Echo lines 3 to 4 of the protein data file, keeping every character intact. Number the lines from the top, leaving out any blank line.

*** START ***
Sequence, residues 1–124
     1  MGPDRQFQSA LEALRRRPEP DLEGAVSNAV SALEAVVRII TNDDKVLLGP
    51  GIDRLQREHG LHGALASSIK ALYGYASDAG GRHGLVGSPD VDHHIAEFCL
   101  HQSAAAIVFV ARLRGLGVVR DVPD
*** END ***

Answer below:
    51  GIDRLQREHG LHGALASSIK ALYGYASDAG GRHGLVGSPD VDHHIAEFCL
   101  HQSAAAIVFV ARLRGLGVVR DVPD